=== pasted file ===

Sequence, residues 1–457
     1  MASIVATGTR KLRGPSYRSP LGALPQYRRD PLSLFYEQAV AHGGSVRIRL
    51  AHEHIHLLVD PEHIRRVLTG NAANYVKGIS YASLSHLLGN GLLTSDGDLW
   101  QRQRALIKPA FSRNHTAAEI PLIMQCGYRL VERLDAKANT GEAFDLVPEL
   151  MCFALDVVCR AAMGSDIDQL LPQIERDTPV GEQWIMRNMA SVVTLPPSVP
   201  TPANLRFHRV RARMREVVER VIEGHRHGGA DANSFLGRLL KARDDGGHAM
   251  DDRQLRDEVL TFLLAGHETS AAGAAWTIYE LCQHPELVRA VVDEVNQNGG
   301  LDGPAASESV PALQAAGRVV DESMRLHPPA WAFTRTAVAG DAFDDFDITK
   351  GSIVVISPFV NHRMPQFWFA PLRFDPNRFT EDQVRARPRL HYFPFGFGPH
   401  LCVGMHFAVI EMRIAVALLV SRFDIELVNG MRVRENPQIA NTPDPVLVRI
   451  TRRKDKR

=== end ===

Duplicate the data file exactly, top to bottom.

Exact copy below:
Sequence, residues 1–457
     1  MASIVATGTR KLRGPSYRSP LGALPQYRRD PLSLFYEQAV AHGGSVRIRL
    51  AHEHIHLLVD PEHIRRVLTG NAANYVKGIS YASLSHLLGN GLLTSDGDLW
   101  QRQRALIKPA FSRNHTAAEI PLIMQCGYRL VERLDAKANT GEAFDLVPEL
   151  MCFALDVVCR AAMGSDIDQL LPQIERDTPV GEQWIMRNMA SVVTLPPSVP
   201  TPANLRFHRV RARMREVVER VIEGHRHGGA DANSFLGRLL KARDDGGHAM
   251  DDRQLRDEVL TFLLAGHETS AAGAAWTIYE LCQHPELVRA VVDEVNQNGG
   301  LDGPAASESV PALQAAGRVV DESMRLHPPA WAFTRTAVAG DAFDDFDITK
   351  GSIVVISPFV NHRMPQFWFA PLRFDPNRFT EDQVRARPRL HYFPFGFGPH
   401  LCVGMHFAVI EMRIAVALLV SRFDIELVNG MRVRENPQIA NTPDPVLVRI
   451  TRRKDKR